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[applause] john meacham. >> mr. president and madame president senator smith senator klobuchar reverend, professor and the broader mondale official family, the story begins the year before he was even old enough to vote in 1948 fritz mondale all of 20 was put in charge of the second congressional district for hubert humphrey's u.s. senate campaign. no one knew what second prize was. the annual martin county federation picnic at fox lake park needed a speaker and then mondale arranged for humphrey to headline the event the
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political climate was charged and complicated in that american summer with anxiety at home a destination abroad and a democratic president with a fractious party and a divided country. - - [laughter] history may not repeat itself but it does rhyme. [laughter] seen as too liberal by the right into conservative on the left harry truman would say he did not give republicans how he just told them the truth and they thought it was hell and in his own party but the desegregation of the military and push for civil rights only weeks before the martin county picnic and then to go back into the old confederacy but
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far from the olympian drama of philadelphia in martin county after the four h club played and humphrey took the stage and was passionate and funny and said kick the rascals out and vote to the new rascals in. [laughter] he thinks is young ally telling mr. mondale your work is needed. we have so much to do. mr. mondale was over the moon. after that day, i think i never stopped. i think i never stopped. and we live in a better and nobler more perfect union because walter frederick mondale never stopped. [applause]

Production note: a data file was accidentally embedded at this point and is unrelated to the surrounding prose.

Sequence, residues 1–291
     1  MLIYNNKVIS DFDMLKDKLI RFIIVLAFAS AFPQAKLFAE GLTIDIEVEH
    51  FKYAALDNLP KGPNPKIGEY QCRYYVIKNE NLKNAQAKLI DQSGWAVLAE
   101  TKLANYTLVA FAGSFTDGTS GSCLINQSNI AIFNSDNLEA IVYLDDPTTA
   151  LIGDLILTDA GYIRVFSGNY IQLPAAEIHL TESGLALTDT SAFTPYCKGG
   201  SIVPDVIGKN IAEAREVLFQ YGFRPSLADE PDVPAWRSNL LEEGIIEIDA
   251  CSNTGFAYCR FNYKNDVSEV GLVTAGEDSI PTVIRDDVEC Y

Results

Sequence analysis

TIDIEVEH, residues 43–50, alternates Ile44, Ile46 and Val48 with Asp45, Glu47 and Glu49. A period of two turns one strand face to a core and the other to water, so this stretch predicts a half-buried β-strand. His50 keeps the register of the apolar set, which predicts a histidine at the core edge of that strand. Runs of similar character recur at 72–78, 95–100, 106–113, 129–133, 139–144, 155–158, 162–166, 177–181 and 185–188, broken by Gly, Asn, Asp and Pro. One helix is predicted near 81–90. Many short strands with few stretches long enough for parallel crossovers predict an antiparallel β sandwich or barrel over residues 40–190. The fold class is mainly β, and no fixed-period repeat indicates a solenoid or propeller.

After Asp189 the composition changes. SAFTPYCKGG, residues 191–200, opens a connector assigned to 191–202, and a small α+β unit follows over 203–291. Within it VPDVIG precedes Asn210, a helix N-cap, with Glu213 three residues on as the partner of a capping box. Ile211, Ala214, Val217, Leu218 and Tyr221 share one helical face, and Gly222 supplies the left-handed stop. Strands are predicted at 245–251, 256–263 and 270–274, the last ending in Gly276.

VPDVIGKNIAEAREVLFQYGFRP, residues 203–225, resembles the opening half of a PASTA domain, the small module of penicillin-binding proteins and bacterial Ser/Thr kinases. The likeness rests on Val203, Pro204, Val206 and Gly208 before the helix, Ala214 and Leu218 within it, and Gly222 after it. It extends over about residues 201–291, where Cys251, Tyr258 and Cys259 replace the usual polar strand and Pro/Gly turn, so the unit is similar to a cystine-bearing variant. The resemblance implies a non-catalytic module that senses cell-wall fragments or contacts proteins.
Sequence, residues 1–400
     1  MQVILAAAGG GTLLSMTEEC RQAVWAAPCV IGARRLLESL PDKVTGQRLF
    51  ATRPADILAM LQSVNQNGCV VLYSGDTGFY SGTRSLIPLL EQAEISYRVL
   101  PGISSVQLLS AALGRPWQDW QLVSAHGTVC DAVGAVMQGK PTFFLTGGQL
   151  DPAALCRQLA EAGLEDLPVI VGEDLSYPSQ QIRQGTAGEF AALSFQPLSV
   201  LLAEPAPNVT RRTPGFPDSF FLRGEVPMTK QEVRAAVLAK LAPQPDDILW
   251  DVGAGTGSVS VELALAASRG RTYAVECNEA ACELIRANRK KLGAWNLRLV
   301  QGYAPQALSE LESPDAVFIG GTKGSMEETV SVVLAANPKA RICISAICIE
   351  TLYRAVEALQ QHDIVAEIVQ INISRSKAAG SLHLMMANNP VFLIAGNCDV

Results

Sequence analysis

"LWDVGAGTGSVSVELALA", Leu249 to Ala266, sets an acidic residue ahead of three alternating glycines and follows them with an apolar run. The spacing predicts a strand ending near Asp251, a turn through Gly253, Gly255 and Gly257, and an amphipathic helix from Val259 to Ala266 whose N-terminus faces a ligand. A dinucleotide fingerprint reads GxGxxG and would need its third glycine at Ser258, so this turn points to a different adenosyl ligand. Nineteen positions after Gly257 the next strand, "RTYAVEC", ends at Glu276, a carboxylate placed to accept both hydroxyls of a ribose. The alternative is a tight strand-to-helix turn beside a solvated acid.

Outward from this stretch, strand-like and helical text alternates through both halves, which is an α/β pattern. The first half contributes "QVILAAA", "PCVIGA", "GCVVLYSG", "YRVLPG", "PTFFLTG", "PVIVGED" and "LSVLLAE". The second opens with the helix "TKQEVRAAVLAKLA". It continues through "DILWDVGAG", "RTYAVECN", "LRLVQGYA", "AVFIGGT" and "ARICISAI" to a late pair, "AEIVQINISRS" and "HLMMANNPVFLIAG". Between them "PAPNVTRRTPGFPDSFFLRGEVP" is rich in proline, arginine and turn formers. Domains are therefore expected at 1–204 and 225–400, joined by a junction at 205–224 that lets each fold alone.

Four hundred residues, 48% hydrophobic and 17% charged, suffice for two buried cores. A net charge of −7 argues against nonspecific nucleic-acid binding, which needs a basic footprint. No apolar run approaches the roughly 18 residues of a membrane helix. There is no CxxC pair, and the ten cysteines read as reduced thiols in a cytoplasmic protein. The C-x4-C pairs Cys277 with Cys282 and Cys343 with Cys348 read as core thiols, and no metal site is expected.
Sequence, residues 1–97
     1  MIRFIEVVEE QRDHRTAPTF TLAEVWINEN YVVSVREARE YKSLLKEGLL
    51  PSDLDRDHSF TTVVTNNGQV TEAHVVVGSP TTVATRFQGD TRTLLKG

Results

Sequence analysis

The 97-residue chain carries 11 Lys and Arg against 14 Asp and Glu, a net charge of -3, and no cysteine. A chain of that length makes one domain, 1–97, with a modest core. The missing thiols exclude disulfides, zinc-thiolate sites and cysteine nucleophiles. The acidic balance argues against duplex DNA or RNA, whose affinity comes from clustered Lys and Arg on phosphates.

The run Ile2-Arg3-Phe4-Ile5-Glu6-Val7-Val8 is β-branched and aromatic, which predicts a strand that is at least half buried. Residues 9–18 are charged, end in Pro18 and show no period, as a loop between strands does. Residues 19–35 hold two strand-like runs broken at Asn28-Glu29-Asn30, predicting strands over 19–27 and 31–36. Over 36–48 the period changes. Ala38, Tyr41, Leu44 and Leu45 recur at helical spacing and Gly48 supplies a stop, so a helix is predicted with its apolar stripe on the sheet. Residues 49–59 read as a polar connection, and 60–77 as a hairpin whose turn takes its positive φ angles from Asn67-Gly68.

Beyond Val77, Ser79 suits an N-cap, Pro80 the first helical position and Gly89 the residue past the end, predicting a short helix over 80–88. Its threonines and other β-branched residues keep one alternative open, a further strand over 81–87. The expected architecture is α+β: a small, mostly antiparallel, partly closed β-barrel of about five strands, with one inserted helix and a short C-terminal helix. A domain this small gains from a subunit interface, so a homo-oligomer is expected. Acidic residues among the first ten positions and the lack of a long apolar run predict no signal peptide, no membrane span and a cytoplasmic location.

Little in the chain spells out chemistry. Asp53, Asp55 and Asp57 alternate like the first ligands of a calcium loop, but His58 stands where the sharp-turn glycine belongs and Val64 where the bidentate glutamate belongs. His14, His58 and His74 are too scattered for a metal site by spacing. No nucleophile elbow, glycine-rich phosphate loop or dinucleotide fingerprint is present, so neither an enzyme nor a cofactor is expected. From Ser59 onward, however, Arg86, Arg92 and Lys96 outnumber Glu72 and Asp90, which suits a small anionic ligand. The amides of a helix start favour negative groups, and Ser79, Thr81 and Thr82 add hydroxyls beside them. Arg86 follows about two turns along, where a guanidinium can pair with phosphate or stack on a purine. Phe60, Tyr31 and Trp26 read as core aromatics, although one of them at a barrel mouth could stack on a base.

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now for the politicians in the room and there may be one or two of you who snuck through customs. [laughter] to love our neighbors ourselves. to lift up the most vulnerable among us, to feed the hungry, clothe the naked and strengthen the weak. if there is nothing more important, nothing more american than that. to enlist in the battles to make real the founding ideal of the nation that we are in fact
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created equal. [applause] we can and we will and we do disagree about the means of government americans have agreed on the end of our common project to give everyone in lincoln's phrase an open field and a fair chance. walter mondale devoted himself to that cause. he never stopped seeking a full, free, fair america. in his years in the arena are testament to a truth of human experience that the polls and passions of the moment are just that, of the moment. headlines come and go. history indoors. the two modes of politics, true service stands long after the
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moment have passed. we are at our best not when we build walls but when we build bridges, not when we point fingers but when we lend a hand, not when we fear, but when we hope. and from age to age, history honors those who put we the people above the will to power. the rule of law above the rain of party and its difficult truths about of self-serving fiction. [applause] now, as we heard from senator smith, they were historic people. his father theodore fought a starter and went to seminary and